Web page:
D*I*Y Planner Widget Kit 0.3 (for OpenOffice.org)

The most requested item on my D*I*Y Planner to-do list, even more so than the Hipster PDA Edition, has been a source file so that people can create their own templates. I'm not about to release my mass of Adobe Illustrator and InDesign files (indeed, they are guaranteed to frighten small children and reduce husky men to tears), but I've been hinting for a while at an OpenOffice.org template that mere mortals might use without fear of drowning in thousands of vector layers. The time has come for a preview release.

D*I*Y Planner Widget Kit (Sample)Below you'll find an early release of my OpenOffice.org Draw template kit for creating your very own forms, called --ahem-- the D*I*Y Planner Widget Kit 0.3. It requires at least 1.1.3 of OpenOffice.org (free at OpenOffice.org), a touch of patience, and a little bit of knowledge of Draw (or at least a willingness to learn it). It should work fine in OOo 1.9.x, but my Linux box is down for the count, so I can't test it at the moment. (This kit was created with NeoOffice/J on a Mac, a Java-driven version of 1.1.x.) In the package, you'll find the Draw SXD file, a sample PDF exported from it, and the very necessary Blue Highway fonts. Please make sure you install these first!

When you open up this file, you'll see a page with a layout that approximates a standard 5.5x8.5 D*I*Y Planner form, and there are a number of graphical elements that you can copy and paste into your own creation. That's all there is, really: no elite programming or technical skills required, just OOo and enough time to do what you need. My only tip for you: create a new "slide" (i.e., page), copy the whole widget slide into it, delete what you don't want, and move around the rest, duplicating as necessary. Be sure to plan out your template first (I do mine on paper), and then start experimenting with the kit. The more you use the elements and the application, the more you'll figure out what's going on. I'm offering no support for this kit at the moment, nor am I giving any advice on using OOo -- that's what its help is for, and there are tutorials floating around the Net.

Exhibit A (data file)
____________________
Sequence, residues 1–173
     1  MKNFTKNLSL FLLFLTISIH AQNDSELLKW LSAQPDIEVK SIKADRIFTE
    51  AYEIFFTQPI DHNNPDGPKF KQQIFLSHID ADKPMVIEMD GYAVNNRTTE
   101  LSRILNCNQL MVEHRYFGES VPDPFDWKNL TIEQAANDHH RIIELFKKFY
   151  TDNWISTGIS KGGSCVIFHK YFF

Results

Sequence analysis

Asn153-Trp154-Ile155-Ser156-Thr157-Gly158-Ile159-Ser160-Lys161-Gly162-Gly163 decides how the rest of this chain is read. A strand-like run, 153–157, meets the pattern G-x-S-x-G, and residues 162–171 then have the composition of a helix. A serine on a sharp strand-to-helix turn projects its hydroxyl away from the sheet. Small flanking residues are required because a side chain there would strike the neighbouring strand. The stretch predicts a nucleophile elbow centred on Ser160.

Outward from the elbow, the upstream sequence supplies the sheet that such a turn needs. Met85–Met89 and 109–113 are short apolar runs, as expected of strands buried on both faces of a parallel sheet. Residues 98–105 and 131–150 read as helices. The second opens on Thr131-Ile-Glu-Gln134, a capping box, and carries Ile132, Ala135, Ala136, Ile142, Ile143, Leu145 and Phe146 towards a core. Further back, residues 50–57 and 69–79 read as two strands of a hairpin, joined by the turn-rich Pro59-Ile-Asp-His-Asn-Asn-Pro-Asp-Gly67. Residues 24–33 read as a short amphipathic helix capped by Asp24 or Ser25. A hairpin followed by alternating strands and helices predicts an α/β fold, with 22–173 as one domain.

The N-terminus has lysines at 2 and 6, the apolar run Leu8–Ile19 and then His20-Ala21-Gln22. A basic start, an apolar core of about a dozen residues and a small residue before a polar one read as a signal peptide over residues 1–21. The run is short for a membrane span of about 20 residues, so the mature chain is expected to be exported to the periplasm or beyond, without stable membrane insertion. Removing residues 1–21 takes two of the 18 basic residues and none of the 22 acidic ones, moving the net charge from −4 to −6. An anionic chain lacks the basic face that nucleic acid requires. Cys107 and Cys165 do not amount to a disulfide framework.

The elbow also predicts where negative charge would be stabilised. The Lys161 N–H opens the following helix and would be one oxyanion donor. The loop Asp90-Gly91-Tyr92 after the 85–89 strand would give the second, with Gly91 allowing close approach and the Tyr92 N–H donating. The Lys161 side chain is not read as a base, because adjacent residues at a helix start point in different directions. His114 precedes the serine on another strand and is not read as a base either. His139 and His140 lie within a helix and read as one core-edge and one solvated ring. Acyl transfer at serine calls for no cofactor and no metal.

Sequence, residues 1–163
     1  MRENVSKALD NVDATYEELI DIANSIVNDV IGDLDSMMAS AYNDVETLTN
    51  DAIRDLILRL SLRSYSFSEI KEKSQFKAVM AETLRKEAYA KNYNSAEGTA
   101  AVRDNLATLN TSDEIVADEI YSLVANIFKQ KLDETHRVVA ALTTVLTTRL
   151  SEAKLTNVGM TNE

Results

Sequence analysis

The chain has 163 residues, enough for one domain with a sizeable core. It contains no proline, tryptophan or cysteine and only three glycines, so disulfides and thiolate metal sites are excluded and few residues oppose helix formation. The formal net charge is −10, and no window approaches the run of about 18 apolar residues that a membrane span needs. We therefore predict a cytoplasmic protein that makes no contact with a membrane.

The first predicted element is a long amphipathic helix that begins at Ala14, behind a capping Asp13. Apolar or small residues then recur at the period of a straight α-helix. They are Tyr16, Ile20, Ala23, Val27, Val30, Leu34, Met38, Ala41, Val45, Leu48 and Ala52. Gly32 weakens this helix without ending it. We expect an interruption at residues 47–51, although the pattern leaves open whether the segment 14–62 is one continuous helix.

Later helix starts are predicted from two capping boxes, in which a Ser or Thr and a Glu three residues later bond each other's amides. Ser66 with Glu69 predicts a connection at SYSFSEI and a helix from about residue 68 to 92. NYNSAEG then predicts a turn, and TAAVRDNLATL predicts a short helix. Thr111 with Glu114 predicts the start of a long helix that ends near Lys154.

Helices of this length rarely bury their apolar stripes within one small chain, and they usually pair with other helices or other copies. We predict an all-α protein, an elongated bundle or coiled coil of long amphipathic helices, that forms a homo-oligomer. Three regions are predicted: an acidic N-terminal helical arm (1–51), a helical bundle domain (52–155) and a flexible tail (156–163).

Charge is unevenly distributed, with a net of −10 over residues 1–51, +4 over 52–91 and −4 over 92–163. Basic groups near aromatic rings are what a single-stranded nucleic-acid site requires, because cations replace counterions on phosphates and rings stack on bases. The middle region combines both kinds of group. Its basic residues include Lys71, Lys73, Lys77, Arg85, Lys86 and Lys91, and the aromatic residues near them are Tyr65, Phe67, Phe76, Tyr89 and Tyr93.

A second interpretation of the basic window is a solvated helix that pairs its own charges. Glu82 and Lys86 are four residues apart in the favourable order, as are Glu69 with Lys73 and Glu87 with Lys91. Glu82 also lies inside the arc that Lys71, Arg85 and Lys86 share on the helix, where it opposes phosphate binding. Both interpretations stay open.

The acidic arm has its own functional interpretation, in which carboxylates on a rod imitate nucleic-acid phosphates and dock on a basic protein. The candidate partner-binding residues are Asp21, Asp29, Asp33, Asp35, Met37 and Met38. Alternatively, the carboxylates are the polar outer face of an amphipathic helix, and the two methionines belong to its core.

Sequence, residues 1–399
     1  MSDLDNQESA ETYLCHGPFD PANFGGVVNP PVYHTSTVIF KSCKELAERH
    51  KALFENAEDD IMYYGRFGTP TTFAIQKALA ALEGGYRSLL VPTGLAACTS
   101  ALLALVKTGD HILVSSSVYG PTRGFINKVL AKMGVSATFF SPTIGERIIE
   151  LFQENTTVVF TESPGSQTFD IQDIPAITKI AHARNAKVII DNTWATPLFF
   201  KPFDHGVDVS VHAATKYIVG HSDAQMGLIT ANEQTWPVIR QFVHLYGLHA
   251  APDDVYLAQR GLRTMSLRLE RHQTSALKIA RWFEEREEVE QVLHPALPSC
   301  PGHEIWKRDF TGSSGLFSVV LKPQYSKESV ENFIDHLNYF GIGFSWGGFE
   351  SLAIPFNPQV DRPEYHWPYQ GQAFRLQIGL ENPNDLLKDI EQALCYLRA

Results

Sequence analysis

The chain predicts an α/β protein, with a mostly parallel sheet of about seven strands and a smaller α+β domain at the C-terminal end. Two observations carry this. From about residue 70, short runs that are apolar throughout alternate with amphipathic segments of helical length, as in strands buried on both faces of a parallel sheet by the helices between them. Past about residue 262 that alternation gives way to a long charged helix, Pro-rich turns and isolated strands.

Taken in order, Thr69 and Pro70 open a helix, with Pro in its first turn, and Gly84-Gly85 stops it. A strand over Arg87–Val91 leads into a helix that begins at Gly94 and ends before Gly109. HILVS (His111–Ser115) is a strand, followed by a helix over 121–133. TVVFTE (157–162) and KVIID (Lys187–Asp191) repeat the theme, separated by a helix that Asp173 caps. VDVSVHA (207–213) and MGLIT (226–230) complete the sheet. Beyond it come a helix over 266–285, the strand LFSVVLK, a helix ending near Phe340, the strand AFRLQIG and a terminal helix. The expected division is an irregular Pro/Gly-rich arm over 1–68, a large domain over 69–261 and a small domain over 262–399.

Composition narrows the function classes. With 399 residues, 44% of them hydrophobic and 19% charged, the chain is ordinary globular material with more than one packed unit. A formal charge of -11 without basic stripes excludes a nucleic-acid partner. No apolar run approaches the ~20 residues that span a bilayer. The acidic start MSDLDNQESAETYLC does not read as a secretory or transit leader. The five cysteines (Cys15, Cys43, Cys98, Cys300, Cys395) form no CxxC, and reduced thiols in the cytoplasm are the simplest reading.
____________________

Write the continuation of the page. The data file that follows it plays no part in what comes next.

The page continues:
In other words, use this package at your peril.

Download: D*I*Y Planner Widget Kit 0.3

This package is released under a Creative Commons Attribution- NonCommercial- ShareAlike License.

Note: for those people looking to develop Hipster PDA templates, you can use this Widget Kit, although I'm working on getting a 5.5"x8.5" version to 1.0 first before anything else. To make hPDA templates, you can either scale your final design to 3"x5" size (which would throw off the proportions, probably), or you can try the following:

  1. Set the page dimensions to 3" wide by 5" high, with a margin of 1/4".
  2. Select the whole page of Widgets, grab a corner handle, and while holding down the shift key (this keeps the right proportions), resize until it fits into the left and right margins. This may take a few attempts, and a little practice.
  3. Drag the widgets so that the title falls just under the top margin.
  4. You may also have to fiddle a bit with the various line thicknesses (see the pulldown at top left) to get it looking right. By the way, a line thickness of 0.00" is actually quite thin, but still there.

Further questions or experimentation regarding the "hPDA-ification" of the WK should probably be directed to the template design and requests forum.